KNOXVILLE – Hazel Ketner couldn’t understand why she felt so bad.
She went to the doctor. She entered one hospital and then another. Months passed. The 81-year-old still felt poorly.
Then, she took a test that gave her a shock.
Ketner came back positive for suspected methamphetamine.
The Powell woman said she doesn’t use meth.
But Ketner and her daughter Janice Clifford wonder if someone else in the house did.
In July, tenants Sonia Tindell, 47, and Jonathan Stevens, 46, were evicted from a lower apartment in the home where Ketner lives. They’d lived there about 18 months. According to Ketner and Clifford, the couple fell behind on the rent.
Neither Tindell nor Stevens has been charged with making meth or using it in Ketner’s home.
“I just don’t even know what drugs are,” Ketner said. “And definitely, I wouldn’t even know what to start to think about meth. Where you get it, what do you do? Is it something you smell, something you drink? I know nothing. Nothing.”
On Monday, Stevens said it was “beyond ridiculous” to suggest he had used or made meth in the apartment. He said Ketner came down to the apartment often while he and Tindell lived there and she never complained about any smell other than cigarettes.
10News also spoke Friday with Tindell at her Northwest Knoxville apartment. She’s charged with forging an acquaintance’s name in June on checks, one of which was intended to pay rent to Clifford, records show.
Tindell was convicted last year of possession of drug paraphernalia and has prior convictions for DUI and driving without a license, records show.
In June, a Knox County judge passed for six months a domestic assault charge against Tindell in which she allegedly scratched Stevens on the face while they were living in May in the Powell home.
Tindell told 10News it was “an absolute, unfathomable lie” that she had used meth while living below Ketner. She said she’s “never done meth.”
When asked if Stevens had used meth, she said he’d “never done meth in front of me.”
When asked if he’d used meth, she said: ““I’ve been engaged to him for seven years, so, no, that would be my answer.”
Stevens is awaiting prosecution on a domestic assault charge. He is alleged to have hit Tindell in December 2015 during a fight while they lived below Ketner.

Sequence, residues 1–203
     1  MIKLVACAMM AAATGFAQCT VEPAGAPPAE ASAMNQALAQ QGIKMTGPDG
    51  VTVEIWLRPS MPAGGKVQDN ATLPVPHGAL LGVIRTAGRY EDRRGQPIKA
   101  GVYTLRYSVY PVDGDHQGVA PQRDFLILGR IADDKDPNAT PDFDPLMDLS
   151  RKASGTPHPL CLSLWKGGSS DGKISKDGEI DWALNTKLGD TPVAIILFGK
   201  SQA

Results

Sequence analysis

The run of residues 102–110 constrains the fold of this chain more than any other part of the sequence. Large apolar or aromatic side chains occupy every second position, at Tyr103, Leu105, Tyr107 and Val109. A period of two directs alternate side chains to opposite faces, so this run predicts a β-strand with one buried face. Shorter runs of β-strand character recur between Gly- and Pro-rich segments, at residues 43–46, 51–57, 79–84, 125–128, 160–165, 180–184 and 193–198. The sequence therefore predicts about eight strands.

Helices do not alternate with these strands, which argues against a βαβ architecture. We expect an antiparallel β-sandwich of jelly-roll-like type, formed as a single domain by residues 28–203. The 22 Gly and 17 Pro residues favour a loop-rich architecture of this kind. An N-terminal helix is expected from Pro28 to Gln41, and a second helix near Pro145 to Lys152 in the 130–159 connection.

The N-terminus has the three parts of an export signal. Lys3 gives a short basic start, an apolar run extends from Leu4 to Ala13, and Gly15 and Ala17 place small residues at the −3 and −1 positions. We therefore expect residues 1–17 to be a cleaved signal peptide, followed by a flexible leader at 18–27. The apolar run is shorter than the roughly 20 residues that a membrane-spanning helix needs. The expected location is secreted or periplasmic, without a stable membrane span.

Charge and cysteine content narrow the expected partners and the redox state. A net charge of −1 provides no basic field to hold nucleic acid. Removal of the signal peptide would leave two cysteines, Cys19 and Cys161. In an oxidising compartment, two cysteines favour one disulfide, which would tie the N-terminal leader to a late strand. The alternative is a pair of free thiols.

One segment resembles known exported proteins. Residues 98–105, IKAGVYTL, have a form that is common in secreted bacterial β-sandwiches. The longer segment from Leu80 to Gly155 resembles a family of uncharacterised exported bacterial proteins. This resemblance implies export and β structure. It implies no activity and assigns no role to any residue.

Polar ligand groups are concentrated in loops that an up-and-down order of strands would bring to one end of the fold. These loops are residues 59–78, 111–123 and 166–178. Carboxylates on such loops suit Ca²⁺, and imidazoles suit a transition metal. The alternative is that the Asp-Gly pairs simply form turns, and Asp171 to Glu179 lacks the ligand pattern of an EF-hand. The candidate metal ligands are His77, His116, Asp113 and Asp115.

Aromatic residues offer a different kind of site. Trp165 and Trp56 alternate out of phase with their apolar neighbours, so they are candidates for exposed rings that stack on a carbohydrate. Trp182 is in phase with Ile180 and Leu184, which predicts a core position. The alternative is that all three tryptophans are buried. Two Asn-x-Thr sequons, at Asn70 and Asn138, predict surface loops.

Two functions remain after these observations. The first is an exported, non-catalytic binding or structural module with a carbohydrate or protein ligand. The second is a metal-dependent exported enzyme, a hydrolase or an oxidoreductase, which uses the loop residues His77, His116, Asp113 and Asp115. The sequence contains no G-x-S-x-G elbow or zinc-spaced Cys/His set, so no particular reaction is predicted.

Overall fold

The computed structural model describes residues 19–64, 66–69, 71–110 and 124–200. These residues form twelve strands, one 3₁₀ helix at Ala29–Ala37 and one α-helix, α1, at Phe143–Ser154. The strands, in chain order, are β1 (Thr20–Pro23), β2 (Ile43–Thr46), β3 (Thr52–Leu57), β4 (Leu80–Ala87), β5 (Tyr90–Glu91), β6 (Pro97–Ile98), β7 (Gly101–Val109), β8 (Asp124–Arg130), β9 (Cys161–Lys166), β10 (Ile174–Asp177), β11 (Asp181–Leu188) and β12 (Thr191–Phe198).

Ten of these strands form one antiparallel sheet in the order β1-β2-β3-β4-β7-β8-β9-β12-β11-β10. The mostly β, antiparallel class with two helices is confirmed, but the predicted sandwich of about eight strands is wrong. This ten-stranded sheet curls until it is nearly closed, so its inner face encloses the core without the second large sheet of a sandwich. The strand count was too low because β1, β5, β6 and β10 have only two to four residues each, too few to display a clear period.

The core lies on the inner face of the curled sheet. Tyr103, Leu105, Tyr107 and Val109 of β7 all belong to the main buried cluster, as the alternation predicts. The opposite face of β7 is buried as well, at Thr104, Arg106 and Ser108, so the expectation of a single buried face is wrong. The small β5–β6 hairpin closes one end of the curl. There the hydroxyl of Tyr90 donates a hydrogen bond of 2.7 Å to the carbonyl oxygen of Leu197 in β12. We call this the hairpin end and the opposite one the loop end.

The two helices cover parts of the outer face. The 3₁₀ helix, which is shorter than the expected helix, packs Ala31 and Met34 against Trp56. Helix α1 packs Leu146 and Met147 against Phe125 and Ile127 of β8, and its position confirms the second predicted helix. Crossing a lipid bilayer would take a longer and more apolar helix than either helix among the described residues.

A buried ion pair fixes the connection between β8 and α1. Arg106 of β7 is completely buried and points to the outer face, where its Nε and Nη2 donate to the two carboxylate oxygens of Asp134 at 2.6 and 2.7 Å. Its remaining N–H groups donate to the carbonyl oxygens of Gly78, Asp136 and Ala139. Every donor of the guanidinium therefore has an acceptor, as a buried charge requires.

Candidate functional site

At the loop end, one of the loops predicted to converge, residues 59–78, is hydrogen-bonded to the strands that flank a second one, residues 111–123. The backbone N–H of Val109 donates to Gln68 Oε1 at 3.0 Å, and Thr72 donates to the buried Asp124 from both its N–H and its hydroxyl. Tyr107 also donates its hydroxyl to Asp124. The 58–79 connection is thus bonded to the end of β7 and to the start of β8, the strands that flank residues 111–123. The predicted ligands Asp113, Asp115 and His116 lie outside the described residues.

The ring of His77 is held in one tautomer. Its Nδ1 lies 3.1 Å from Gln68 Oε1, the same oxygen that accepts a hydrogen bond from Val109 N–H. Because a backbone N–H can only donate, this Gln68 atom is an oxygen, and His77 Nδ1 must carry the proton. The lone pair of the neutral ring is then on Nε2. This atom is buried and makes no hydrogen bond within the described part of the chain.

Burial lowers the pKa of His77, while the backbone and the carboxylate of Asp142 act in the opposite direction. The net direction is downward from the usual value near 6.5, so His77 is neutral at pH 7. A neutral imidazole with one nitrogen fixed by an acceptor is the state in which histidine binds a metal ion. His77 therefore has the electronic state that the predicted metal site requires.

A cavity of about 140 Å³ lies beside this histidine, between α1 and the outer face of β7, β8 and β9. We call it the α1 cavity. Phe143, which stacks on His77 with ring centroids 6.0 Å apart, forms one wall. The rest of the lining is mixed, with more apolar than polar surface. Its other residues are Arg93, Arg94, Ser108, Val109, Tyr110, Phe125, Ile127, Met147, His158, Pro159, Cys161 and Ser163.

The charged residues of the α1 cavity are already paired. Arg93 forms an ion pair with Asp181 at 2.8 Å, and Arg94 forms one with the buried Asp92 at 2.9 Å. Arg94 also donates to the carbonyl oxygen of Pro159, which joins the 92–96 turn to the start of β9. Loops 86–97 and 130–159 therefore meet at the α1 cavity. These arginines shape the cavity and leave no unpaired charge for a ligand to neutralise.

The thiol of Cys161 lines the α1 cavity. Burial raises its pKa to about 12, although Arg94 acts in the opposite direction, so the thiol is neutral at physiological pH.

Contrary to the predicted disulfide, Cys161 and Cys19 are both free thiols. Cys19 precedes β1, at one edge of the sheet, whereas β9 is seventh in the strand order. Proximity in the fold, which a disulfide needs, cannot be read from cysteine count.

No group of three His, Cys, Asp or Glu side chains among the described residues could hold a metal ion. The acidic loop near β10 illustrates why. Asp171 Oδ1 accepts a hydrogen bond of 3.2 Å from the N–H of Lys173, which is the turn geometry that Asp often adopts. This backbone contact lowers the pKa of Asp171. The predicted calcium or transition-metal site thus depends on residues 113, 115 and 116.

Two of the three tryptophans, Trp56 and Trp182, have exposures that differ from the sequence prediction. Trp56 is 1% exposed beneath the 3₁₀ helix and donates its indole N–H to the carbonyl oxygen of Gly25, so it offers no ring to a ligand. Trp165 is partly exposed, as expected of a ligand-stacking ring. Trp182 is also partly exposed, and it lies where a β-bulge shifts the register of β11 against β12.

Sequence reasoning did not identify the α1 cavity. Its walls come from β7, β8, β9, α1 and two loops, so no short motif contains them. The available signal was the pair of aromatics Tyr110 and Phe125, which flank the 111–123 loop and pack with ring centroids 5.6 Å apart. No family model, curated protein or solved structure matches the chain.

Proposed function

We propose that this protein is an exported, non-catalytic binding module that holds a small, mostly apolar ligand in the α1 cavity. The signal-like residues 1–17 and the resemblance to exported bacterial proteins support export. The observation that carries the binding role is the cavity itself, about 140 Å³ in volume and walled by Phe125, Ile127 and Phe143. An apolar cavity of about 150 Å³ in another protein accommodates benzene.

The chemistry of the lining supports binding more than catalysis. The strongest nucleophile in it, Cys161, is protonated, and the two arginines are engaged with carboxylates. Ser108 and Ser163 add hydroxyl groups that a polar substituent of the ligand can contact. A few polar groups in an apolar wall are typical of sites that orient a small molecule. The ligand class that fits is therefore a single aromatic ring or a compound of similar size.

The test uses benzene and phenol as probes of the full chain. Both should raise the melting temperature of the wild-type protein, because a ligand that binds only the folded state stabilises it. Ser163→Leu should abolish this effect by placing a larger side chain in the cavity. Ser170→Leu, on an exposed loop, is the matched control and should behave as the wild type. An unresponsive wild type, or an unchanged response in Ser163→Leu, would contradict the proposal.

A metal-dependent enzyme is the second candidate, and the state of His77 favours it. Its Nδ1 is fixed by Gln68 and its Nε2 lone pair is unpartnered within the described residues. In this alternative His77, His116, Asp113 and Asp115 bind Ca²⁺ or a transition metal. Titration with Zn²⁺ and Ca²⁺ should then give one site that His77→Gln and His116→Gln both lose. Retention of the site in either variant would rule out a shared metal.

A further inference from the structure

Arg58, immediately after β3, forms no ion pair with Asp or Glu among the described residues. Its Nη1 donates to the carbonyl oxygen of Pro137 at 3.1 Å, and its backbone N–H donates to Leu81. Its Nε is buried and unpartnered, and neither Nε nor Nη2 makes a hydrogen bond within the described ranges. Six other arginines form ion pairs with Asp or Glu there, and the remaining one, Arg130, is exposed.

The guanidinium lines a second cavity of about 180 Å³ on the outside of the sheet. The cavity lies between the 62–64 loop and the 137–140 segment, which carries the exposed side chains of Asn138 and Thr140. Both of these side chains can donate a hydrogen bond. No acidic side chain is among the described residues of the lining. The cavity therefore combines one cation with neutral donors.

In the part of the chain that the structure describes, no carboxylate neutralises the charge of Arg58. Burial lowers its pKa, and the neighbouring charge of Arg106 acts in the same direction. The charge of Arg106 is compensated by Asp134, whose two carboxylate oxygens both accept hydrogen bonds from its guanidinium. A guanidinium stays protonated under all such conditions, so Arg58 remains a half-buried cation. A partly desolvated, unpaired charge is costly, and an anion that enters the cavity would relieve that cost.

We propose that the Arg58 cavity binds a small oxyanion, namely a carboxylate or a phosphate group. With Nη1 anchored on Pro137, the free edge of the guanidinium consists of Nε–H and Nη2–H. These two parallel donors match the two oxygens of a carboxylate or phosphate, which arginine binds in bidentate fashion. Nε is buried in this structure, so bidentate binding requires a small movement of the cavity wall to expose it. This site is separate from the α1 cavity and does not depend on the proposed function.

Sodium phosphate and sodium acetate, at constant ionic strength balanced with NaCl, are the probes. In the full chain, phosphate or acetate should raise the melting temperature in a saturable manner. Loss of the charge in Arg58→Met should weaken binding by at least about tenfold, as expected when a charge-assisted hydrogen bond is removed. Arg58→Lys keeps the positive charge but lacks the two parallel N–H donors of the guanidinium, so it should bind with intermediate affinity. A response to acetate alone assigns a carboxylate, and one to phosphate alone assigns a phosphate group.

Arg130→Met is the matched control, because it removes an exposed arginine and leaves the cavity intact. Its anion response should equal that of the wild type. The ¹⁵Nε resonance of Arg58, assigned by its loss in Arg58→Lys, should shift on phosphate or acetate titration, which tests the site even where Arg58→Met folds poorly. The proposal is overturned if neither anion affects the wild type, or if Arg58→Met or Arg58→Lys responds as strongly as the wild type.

Stains and substances
After Tindell and Stevens moved out this summer, Clifford said she found numerous “stains and foreign substances,” residue on the carpet, “white stuff” on the walls. She said she also found holes in walls, a split door frame and cracked tiles, according to a report she filed with the Knox County Sheriff’s Office.
For Clifford, “the light went off” in July when results came back from a drug screening her mother had taken while at Fort Sanders Regional Medical Center. Ketner had tested positive for meth use, Clifford said.
Could it be the house? Clifford asked a doctor. Get her out of there promptly, she was told.
She applied a home-test kit that she said showed the presence of methamphetamine. Another test was negative.
Everything Ketner owns except for the clothes she had on when she moved out remains at the Powell house. It will all stay there because Clifford fears it could be contaminated.
At Clifford’s request, a Knox County Sheriff’s Office detective came out to the house, after they’d begun clearing it out and making repairs. Because of the condition of the house, the detective had no way of determining if meth had been made in the house, according to Sheriff’s Office spokeswoman Martha Dooley.
He gave Clifford the names and and phone numbers of private companies that test for meth and for companies that clean up meth-contaminated homes, Dooley told 10News.
‘Sick for no reason’